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Many managers have it all wrong. They don't have to motivate their people; they just have to stop demotivating them. There are 13 major areas where managers demotivate people; this Snippet deals with four.
Great managers are experts in human nature. They know that for 99.8% of our history we have been tribal hunters and gatherers. And under our veneer of sophistication we are primitive animals that have evolved to be successful in a world that's profoundly different from the environment we now find at work.
In the chart above (based on an extension of Herrmann's Thinking Preferences) the spiritual quotient (SQ) reflects our deepest needs and has the most power to move us. This is followed by the emotional quotient (EQ), then the intellectual quotient (IQ) and finally the physical quotient (PQ). But most managers work on the basis that it was exactly opposite.
In most human beings real success comes from the satisfaction of knowing that their work is important, and that what they do makes a difference. This is the essence of spirituality: that I matter and I made a difference.
Most managers forget how spiritual we are and how much it is part of our deepest longings. They are embarrassed to discuss things spiritual even though evidence shows we are hard-wired from the beginning of time to dream about our place in the wider scheme of things; and ask questions such as: "Why do I exist?", "How can I leave a lasting legacy?". For more...
Most managers still overvalue the intellect even though evidence shows we are hard-wired so our emotions rule.
I'm a change agent, not a psychologist, but I know enough about human nature to understand that when people feel threatened or unsafe they always react with their emotions. The most important lesson in making change is to deal with emotions first. People are like icebergs, the piece we see is the head, the logical, rational self, but actually the real person is largely invisible. At least 85% is below the surface, but it's very definitely there and it's very definitely in control. To work through emotions managers need to understand trust, feelings, fears, and insecurities. For more ...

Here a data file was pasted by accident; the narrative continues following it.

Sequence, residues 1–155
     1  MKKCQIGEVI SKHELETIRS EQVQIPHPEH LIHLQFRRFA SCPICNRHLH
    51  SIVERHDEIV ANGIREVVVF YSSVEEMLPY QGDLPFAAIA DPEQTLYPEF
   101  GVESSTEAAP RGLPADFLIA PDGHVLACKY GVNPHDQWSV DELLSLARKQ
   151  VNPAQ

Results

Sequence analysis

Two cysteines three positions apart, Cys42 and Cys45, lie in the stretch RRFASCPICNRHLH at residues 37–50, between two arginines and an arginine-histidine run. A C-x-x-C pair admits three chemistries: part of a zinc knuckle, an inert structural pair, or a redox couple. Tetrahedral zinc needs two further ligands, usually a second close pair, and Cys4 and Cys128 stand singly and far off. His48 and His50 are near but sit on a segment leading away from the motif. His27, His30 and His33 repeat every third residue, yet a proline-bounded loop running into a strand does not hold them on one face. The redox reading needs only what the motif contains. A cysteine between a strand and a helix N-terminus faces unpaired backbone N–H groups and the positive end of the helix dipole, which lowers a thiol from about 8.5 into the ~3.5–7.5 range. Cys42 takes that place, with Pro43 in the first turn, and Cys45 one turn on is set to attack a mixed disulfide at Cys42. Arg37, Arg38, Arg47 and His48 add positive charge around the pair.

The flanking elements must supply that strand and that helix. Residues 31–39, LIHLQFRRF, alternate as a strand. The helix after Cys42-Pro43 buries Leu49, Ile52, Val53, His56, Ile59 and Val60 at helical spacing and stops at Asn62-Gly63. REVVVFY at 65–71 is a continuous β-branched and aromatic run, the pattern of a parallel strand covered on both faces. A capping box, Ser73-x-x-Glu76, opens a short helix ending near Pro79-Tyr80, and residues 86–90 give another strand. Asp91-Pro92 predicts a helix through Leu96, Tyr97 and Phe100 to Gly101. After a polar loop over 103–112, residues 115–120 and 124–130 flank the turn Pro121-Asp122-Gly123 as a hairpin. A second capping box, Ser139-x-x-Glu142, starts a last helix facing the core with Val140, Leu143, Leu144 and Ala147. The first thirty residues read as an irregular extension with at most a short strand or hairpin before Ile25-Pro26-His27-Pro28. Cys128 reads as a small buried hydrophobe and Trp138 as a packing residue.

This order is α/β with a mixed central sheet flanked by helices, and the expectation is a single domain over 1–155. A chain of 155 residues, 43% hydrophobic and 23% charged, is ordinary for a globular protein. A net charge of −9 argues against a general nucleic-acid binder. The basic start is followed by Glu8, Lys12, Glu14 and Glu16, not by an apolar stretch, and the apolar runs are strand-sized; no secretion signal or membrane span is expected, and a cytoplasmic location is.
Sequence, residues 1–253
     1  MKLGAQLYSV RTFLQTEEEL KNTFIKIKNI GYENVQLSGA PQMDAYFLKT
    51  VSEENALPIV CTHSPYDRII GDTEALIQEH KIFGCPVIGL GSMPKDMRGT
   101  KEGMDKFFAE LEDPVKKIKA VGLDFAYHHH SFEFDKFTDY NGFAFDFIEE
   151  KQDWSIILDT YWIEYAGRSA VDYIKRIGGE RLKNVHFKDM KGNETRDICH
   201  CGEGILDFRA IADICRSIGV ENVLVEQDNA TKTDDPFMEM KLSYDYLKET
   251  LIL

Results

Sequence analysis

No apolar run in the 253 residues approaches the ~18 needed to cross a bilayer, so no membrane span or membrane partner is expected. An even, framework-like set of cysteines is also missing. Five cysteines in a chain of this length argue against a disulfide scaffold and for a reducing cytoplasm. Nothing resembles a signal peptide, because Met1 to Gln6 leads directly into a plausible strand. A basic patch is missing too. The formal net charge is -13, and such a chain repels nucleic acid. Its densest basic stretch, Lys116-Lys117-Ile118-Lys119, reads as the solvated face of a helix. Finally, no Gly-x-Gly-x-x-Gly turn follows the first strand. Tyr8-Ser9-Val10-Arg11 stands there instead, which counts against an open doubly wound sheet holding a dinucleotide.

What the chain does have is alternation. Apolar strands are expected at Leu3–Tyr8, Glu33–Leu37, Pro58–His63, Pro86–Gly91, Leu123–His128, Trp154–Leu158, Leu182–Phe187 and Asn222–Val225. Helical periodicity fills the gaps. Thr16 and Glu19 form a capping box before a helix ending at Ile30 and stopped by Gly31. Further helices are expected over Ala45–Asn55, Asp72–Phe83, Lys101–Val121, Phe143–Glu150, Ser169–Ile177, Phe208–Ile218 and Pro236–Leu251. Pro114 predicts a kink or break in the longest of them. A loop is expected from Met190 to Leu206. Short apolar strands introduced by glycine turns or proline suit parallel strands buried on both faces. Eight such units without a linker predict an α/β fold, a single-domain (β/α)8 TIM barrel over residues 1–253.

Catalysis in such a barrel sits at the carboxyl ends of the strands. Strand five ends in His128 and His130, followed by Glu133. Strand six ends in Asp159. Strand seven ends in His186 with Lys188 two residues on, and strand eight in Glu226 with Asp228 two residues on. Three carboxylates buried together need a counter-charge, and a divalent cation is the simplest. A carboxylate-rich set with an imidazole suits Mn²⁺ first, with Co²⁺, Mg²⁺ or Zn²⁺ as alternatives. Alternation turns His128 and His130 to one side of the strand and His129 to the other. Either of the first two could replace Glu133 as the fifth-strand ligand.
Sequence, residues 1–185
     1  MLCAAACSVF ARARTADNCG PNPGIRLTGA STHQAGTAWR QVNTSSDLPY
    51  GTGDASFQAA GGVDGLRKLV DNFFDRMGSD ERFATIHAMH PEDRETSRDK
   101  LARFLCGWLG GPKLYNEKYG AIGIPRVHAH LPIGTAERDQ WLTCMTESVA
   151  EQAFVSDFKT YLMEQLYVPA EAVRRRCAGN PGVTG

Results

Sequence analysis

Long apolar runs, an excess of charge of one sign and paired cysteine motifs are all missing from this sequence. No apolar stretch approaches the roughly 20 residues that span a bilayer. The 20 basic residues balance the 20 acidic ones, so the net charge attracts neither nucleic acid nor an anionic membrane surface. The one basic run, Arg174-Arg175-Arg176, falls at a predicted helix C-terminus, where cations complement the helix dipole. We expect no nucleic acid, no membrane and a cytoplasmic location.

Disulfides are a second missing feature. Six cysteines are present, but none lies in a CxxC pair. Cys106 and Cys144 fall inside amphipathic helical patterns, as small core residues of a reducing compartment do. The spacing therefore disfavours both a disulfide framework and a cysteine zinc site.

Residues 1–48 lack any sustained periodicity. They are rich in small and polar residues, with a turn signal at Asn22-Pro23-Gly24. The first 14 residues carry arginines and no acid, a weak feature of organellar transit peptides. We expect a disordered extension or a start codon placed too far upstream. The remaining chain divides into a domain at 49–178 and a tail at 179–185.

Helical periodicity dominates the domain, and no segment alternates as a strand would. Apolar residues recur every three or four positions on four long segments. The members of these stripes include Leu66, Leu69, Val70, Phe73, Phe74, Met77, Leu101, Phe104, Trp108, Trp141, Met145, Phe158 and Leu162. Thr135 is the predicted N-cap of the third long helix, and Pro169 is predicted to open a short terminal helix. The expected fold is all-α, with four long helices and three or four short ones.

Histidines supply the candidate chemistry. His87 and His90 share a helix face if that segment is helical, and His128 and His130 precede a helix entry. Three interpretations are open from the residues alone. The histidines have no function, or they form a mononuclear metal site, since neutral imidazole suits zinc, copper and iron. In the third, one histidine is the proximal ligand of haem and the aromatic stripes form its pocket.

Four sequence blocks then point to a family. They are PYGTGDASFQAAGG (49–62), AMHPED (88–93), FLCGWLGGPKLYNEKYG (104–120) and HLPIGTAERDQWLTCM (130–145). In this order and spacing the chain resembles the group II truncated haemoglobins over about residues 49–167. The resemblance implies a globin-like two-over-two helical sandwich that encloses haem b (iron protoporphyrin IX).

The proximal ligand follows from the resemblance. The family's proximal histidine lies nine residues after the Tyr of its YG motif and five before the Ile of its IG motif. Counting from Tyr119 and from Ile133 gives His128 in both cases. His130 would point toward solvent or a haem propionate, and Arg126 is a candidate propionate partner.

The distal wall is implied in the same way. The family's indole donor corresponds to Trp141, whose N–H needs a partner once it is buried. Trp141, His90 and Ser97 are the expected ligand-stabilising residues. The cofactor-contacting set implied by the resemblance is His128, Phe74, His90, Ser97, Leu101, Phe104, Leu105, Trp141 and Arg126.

Many managers still behave as though belonging does not matter even though evidence shows we are hard-wired to belong. One of the strongest drives we have built into us is the drive to belong. The worst possible punishment was to be banished from the tribe and deserted. It still is; so what do managers do? Every time a change occurs people have to reapply for their position. For more ...
Many managers believe that competition is the natural order of things. Although there has always been competition, the natural order was overwhelmingly co-operative. It had to be ... so we could hunt and gather. A considerable amount of my work is team building and improving co-operative behaviour. I work on individual beliefs, organisational culture, and internal politics. As improvements occur, it's like a butterfly coming out of a cocoon ... suddenly managers realise the natural order of things and how work was meant to be. For more ...
Helps large organisations be focussed, fast and flexible.
Places where people have more meaning, depth and connection.
Expert in Strategy, Structure, Culture and Leadership Development.
One of NZ's most experienced change agents.
Key words: Leadership, leadership development, leadership management, leadership training, leadership program, leadership skills